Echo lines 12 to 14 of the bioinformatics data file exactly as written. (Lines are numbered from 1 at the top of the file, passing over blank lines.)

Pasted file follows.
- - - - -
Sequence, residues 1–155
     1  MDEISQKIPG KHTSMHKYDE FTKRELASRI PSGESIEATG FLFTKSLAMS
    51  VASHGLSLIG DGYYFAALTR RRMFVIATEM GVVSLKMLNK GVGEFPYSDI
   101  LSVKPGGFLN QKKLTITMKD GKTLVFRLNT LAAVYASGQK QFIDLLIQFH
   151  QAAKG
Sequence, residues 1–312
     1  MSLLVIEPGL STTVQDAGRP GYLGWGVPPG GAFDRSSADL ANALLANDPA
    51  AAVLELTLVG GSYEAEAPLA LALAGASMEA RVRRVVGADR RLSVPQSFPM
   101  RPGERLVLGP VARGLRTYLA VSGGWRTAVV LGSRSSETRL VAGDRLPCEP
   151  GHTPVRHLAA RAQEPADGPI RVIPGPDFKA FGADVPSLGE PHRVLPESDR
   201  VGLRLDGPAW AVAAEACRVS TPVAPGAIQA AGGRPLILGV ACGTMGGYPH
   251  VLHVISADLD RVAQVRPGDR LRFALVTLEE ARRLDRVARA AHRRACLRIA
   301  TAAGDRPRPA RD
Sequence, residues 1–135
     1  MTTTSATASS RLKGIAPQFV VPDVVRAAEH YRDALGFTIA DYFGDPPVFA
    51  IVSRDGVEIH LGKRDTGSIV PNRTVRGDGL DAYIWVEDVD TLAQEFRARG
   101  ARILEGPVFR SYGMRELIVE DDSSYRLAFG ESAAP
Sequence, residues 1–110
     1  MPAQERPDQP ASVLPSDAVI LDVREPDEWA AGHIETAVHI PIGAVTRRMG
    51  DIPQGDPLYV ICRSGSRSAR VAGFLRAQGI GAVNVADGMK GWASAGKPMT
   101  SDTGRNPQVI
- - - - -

   251  VLHVISADLD RVAQVRPGDR LRFALVTLEE ARRLDRVARA AHRRACLRIA
   301  TAAGDRPRPA RD
Sequence, residues 1–135